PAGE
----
Brazilian Food for the “OC”

| September 11, 2012

By Albert Hayashi

GOOOOOOOAL!!!!! When we think of Brazil we tend to think of Carnival, Rio and Soccer, but don’t forget about their native food.  Walking into Irvine ‘s new Brazilian-style steakhouse Agora Churrascaria, a new world appears to unfold.  With 25-foot cathedral ceilings, the restaurant gives the guests an innate feel of being in a large hacienda lodge where gauchos (cowboys from the southern region) returning from herding cattle come to feast on Picauha (sirloin) or Miminha (tri-tip). We were seated in the middle of the restaurant next to the busy food bar where people walked passed us to and from the bar (try to request a seat on the edge next to the wall for improved intimacy and privacy).   Having spent some time down in Brazil , Agora’s modern linear décor seemed out of place but appropriate for the planned communities of Orange County . With the light smell of meat in the air and the background conversations reflecting off the rustic river-rocked lined walls, I began my adventure with Brazil ‘s national drink, the Caipairinha.  The Caipairinha is a powerful drink consisting of cachaca, sugar & fresh lime.

The restaurant offers a cold salad bar, to start the meal,   which features different types of salads and vegetables. There is also a hot-food bar featuring garlic rice, potatoes, chicken stroganoff, seafood specialties and many other delicious items. After passing through the buffet, I dined on a tasty black bean stew called Feijoda, which is the national dish of Brazil .   The gaucho servers circled the guests bringing choice cuts of beef, chicken, lamb and pork, which were prepared in the traditional “churrasco” style where the meat is cooked over an open fire pit and seasoned with rock salt to accent the individual tastes of each cut. To signal the food serving gauchos I wanted to be served by, I turned over the provided paper chip to the color green.  The gauchos move around the restaurant with meat skewer in hand, carrying meats such as lambo de porco (pork loin) or frango (marinated chicken legs), traversing the tables looking for green colored chips.  After receiving a choice cut of meat, I was given the option to continue getting one of 12 or more meats being prepared and served by the gauchos or turn over the paper chip to the color red, which indicates no more meat to be served.  Be careful not to attempt to grab the meat from the skewers as many of the gauchos are walking around with large sharpened knives cutting the meat for you. Between “mini” meat courses, I was given fried bananas to cleanse my palette.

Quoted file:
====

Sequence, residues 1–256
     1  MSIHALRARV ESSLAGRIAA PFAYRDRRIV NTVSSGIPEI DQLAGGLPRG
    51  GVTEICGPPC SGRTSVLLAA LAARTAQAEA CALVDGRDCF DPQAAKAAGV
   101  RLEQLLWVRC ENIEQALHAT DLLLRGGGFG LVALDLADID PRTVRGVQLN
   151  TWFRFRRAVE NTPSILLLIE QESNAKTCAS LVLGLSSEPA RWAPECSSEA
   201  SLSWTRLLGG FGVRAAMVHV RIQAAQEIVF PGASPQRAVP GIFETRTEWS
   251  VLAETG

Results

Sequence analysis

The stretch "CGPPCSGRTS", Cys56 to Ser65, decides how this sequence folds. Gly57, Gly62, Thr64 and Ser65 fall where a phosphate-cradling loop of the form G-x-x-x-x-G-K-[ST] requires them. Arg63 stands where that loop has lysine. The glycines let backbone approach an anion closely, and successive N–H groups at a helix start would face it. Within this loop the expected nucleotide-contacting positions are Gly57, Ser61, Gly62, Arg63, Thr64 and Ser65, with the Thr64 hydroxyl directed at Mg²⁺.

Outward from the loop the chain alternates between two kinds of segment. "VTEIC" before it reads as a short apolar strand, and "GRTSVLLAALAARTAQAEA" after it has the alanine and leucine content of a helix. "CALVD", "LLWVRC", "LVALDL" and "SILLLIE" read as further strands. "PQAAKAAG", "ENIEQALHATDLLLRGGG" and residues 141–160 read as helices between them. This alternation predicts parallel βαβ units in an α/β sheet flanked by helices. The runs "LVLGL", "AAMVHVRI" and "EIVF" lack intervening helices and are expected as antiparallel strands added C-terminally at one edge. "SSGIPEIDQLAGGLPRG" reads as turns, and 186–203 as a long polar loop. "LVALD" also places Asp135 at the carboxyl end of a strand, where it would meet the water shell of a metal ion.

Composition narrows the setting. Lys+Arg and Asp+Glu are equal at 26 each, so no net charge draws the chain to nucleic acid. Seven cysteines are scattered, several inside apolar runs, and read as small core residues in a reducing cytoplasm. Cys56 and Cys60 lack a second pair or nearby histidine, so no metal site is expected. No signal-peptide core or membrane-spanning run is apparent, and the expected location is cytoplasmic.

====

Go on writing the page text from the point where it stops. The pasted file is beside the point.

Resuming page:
For dessert I tried the classic flan and a mango sorbet.  In addition, I continued on my cultural food experience clAgora Restaurantosing with another traditional Brazilian cocktail called the Batida.  This drink consisted of passion fruit juice, sugar and cachaca.  Agora literally translates to “now” in Portuguese and “marketplace” in Greece , symbolizing both the immediately responsive service and elaborate cornucopia of food.

The Thursday night respectful crowd consisted mostly of families and a few couples.  The dress code for Agora Churrascaria Restaurant is a business casual style of clothing.  My server Herman as well as the gauchos were first rate and made the food experience very enjoyable.  The meals are moderately priced between $19 for lunch and $35 for dinner.  One price includes all you can eat salad bar, buffet side dishes and the circulating gauchos bearing an array of meats.  This is not the place to eat if you are a vegan or vegetarian, but a place for meat lovers.  If you want to know what food fueled the Brazilian athletes to five World Cup championships, give Agora Churrascaria a try.